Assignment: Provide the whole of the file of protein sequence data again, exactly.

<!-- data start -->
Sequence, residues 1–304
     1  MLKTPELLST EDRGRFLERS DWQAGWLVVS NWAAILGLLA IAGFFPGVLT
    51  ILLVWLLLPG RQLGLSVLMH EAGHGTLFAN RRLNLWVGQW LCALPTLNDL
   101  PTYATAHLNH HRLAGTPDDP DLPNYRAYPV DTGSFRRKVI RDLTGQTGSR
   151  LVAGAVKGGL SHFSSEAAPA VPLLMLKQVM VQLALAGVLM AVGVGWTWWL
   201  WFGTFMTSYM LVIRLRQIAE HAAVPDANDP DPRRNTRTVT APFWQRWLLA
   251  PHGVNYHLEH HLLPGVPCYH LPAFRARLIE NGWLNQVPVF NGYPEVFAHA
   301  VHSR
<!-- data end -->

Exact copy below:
Sequence, residues 1–304
     1  MLKTPELLST EDRGRFLERS DWQAGWLVVS NWAAILGLLA IAGFFPGVLT
    51  ILLVWLLLPG RQLGLSVLMH EAGHGTLFAN RRLNLWVGQW LCALPTLNDL
   101  PTYATAHLNH HRLAGTPDDP DLPNYRAYPV DTGSFRRKVI RDLTGQTGSR
   151  LVAGAVKGGL SHFSSEAAPA VPLLMLKQVM VQLALAGVLM AVGVGWTWWL
   201  WFGTFMTSYM LVIRLRQIAE HAAVPDANDP DPRRNTRTVT APFWQRWLLA
   251  PHGVNYHLEH HLLPGVPCYH LPAFRARLIE NGWLNQVPVF NGYPEVFAHA
   301  VHSR